LINCOLN, Neb. (KOLN) Nearly 100 accident claims were settled involving city-owned vehicles between January 2017 and June 2019, according to records obtained by 10/11 NOW from the city of Lincoln.
During that time period, documents revealed $360,333.25 from a risk department fund, paid out to settle 97 accident claims involving a variety of city vehicles.
StarTran, Lincoln’s public transportation service, totaled 30 claims costing $92,323.08, 10/11 NOW discovered.
Another $268,000 was given in payouts to settle 67 claims involving city-owned vehicles, not including StarTran buses, between January 2017 and June 2019.
In a claim settled this past April, $21,000 was paid out to a man hit by a bus while riding his bike near 8th and M Streets in June 2018.
Another case involved a woman hit by a bus while riding her bike at 14th and M in April 2017. She was later awarded $11,000.
Two other settlements together tallied more than $70,000 and both involved accidents where drivers disregarded stop signs while behind the wheel of a city vehicle.
Of 97 claims, records showed 19 ended in payouts of at least $4,000. A majority of others were settled for at least $1,500.
Where does the money come from?
The city of Lincoln is self-insured up to $250,000. Claims up to that amount are paid out from an auto fund in the risk management division of the Lincoln Human Resources Department. The fund consists of an amount of money collected from various city departments.
The fund totaled nearly $1.6 million as of June 30, with another $263,000 slated to be added in the fiscal year starting Sept. 1, according to Shannon Anderson, a risk manager for Lincoln.
Departments will pay a pro rated amount recommended by an actuary based on past claim activity.
Lincoln has nearly 2,000 city-owned licensed and unlicensed vehicles, including buses, cars, trucks, snowplows and LES vehicles, according to the city.
Each year, the city’s risk department reviews the driving records of about 1,500 city employees, which averages out to one payout crash for every 15 employees, according to data compiled by 10/11 NOW. The number nearly doubles Omaha, which settled one accident claim for every 28 employees eligible to drive a city vehicle.
Of the accidents in Lincoln, two employees were each involved in more than one accident resulting in a payout.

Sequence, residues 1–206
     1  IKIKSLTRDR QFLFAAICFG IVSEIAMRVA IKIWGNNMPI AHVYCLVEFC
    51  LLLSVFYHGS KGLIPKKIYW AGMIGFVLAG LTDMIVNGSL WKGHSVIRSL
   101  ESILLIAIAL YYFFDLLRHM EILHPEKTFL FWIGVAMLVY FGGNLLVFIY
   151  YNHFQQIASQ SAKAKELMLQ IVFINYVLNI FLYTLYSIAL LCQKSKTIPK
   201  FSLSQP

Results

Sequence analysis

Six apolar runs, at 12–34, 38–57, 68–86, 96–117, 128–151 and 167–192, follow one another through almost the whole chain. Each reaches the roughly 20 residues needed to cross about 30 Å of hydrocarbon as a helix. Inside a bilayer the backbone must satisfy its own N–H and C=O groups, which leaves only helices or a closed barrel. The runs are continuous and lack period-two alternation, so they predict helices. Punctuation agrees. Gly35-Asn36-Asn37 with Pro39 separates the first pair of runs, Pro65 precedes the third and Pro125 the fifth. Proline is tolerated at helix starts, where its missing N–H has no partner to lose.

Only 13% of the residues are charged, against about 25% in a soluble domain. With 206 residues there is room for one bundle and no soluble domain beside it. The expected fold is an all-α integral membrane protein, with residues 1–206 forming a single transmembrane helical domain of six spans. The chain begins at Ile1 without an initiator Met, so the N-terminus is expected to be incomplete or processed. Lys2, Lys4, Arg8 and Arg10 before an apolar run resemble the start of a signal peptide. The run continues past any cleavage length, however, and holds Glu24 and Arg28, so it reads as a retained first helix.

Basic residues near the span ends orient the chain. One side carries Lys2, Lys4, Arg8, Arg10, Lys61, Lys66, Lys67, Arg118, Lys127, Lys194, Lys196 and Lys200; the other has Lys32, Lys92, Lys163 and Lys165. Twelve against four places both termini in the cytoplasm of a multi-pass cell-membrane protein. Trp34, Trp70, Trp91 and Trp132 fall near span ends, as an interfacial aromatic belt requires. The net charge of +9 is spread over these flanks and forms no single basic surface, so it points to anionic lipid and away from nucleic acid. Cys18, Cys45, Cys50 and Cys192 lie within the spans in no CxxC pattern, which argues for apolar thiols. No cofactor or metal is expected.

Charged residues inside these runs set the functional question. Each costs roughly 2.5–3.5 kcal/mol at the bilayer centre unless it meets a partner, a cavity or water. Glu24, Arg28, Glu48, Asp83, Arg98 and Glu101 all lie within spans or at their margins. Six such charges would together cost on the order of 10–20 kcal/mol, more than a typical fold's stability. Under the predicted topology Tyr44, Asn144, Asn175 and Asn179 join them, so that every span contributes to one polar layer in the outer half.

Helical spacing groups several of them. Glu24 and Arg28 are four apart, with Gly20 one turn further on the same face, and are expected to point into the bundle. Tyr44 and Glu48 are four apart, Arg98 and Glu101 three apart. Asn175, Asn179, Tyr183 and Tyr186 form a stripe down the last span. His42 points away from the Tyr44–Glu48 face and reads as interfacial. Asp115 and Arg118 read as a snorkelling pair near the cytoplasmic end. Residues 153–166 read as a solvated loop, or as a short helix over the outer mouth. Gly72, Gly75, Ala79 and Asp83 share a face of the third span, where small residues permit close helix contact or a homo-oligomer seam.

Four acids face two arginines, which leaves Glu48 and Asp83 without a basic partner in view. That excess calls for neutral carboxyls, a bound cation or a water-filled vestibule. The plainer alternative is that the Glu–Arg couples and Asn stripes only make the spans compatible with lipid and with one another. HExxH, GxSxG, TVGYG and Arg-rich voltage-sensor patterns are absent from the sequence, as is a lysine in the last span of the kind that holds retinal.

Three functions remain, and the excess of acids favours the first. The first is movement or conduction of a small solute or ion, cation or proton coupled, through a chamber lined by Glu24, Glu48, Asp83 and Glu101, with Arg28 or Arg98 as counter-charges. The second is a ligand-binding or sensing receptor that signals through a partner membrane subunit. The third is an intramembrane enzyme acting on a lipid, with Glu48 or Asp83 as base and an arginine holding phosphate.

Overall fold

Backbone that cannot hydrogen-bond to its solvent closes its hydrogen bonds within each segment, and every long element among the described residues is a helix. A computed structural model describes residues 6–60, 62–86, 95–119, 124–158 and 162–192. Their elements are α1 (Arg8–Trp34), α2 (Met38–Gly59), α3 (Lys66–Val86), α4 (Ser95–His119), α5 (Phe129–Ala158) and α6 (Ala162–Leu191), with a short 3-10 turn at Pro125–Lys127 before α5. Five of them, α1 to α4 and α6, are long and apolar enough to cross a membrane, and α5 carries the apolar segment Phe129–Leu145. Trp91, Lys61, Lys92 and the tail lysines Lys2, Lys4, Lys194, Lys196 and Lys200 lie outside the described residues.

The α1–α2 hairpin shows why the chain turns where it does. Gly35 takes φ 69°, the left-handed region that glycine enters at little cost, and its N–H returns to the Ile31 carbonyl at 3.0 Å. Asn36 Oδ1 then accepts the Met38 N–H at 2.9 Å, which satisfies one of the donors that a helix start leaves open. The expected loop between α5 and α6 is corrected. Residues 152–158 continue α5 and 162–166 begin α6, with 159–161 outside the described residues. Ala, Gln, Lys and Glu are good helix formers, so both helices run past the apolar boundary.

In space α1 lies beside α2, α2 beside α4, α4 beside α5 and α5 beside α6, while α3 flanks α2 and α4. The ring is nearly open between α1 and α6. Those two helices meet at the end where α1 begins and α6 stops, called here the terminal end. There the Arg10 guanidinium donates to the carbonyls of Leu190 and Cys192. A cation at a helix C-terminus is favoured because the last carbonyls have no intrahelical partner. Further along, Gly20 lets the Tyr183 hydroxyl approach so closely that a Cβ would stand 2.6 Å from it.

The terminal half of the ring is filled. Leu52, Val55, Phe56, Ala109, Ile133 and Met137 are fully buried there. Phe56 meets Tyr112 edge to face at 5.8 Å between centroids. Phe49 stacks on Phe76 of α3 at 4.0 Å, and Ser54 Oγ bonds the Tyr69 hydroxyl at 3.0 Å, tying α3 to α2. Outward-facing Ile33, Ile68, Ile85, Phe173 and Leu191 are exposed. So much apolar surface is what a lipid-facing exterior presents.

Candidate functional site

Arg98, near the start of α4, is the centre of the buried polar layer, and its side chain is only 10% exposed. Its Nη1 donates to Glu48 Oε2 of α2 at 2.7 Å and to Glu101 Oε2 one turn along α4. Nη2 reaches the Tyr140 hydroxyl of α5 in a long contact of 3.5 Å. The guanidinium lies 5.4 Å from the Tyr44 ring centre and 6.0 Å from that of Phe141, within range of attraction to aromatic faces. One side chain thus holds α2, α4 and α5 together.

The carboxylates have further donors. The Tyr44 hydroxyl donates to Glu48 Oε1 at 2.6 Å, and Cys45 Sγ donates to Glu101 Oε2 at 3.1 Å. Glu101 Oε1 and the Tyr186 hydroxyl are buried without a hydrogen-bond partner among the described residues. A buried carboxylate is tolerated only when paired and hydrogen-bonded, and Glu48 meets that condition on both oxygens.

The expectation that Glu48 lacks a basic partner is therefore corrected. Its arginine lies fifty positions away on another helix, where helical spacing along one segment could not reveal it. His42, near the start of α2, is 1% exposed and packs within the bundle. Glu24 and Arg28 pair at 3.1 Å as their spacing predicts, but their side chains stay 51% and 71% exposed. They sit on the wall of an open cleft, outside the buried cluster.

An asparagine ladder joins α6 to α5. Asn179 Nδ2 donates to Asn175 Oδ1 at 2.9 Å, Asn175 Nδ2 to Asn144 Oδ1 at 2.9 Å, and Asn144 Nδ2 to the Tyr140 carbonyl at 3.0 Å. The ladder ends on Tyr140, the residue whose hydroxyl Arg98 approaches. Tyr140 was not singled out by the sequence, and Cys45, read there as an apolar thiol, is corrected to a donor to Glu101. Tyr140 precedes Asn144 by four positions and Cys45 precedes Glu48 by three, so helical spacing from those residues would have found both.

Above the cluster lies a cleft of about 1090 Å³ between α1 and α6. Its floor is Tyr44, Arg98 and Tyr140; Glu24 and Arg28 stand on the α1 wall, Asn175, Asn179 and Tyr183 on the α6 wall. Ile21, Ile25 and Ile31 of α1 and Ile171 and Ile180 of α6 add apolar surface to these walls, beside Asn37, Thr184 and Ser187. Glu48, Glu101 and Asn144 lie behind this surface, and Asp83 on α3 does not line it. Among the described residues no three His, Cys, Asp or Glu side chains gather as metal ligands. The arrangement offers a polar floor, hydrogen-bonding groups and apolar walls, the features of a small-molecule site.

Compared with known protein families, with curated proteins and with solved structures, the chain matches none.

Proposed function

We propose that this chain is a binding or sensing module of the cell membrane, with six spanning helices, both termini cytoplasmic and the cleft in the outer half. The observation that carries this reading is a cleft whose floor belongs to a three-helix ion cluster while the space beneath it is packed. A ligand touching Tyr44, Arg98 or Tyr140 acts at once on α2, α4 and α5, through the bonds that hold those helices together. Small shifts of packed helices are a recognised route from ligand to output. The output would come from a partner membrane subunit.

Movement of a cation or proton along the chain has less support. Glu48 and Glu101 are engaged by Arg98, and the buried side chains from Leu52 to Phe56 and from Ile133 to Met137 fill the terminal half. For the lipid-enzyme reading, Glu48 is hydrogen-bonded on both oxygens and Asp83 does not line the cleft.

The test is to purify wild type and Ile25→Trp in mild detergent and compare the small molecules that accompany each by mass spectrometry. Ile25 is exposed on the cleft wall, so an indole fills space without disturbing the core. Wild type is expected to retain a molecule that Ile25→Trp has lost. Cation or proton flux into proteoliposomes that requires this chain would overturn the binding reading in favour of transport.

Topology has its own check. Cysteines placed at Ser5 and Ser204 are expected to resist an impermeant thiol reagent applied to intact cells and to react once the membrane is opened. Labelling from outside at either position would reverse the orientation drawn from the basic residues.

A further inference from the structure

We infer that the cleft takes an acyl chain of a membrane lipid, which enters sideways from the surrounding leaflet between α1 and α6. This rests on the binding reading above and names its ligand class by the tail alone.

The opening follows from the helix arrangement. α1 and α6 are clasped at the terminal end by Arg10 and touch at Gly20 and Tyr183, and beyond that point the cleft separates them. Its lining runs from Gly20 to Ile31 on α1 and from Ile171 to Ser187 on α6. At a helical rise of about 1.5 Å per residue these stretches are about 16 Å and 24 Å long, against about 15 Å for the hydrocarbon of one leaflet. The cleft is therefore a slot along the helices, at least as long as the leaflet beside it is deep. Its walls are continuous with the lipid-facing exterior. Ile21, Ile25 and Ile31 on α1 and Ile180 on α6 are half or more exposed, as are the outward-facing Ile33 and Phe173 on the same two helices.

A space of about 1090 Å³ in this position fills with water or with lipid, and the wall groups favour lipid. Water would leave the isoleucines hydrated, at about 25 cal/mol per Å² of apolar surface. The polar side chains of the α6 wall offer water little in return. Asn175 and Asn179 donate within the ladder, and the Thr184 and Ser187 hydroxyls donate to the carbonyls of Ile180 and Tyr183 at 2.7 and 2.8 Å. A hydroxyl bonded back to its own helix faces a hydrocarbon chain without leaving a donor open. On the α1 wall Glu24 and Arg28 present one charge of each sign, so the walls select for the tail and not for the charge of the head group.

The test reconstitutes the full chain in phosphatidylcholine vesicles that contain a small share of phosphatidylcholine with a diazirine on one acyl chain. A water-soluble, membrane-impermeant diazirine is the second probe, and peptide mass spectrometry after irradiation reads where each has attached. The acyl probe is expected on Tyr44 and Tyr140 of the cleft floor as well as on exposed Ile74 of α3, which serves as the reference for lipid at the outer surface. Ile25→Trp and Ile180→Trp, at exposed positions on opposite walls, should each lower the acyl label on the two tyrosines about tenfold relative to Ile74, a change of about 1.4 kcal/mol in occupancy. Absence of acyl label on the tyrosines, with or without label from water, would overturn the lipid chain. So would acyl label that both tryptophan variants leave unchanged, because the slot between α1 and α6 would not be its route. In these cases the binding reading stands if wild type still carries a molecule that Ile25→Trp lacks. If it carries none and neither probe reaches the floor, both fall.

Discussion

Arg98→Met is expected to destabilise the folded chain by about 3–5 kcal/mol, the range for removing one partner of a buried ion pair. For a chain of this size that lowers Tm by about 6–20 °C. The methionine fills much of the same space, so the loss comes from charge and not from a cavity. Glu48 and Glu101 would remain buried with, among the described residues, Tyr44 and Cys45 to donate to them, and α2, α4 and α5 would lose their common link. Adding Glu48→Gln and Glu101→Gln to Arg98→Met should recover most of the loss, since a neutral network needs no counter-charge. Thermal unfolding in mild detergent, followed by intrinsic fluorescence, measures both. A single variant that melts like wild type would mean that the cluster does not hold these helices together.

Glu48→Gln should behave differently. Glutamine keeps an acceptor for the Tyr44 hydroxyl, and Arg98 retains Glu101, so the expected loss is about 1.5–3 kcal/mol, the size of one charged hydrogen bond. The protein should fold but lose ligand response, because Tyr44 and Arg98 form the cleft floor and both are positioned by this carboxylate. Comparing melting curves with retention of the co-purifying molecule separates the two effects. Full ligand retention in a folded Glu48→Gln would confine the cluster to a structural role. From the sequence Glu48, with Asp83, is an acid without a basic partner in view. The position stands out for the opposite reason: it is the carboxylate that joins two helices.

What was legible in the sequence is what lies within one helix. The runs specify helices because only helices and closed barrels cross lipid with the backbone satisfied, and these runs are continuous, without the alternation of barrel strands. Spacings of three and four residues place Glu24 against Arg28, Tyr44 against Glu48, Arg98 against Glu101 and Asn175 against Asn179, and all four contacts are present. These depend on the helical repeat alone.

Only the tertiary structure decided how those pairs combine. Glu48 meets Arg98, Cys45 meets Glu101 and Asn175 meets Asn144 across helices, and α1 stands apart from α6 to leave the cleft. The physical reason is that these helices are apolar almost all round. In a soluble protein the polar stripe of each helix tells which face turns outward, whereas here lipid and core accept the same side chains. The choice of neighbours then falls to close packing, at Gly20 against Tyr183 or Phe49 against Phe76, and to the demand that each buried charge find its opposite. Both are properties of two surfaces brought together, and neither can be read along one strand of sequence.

Bob Nemecek, safety and training coordinator for Lincoln, said employees receive fleet vehicle education through the department in which they're hired. Those individual departments are tasked with monitoring drivers and handing out disciplinary action.
"The departments have a review board that they go through, and that's each department that has that," Nemecek said. "From our standpoint in risk management and part of human resources, we get all of the vehicle accidents and review then with law."
"When you have accidents that happen, you make sure all the pieces are there," Nemecek said. "It's them that gets hurt. They don't want to get hurt. I think for the most part, we've got a pretty good safe driving crew."
An investigation by 10/11 NOW last September looked into the driving records of several StarTran bus drivers.
How are claims investigated?
Lincoln city attorney, Jeff Kirkpatrick, said once a claim is submitted, it goes through an investigation process where his office will review details of the accident.
"We're going to look at the accident report or whatever the claim is and we're going to check with whatever city department is involved," Kirkpatrick said.
With the city being self-insured, all claims, investigations and settlements under $250,000 are handled by the city itself.
"We're like any other quasi insurance company," Kirkpatrick said. "We'll do an investigation. We ask you to fill out a form and provide any sort of supporting documentation that you can."
When the process is complete, the law department will recommend the Lincoln City Council either accept or deny the claim. From there, councilors will make the final decision.
Once a claim has been denied, a claimant has the option to file suit against the city.
"Usually it comes down to, 'Do we think the city was at fault or not," Kirkpatrick explained. "A lot of the attention is paid on the ones that we deny and people say 'No you were at fault,' but frankly there are a number of claims that we say, 'Yeah, we made a mistake so we just pay it out.'"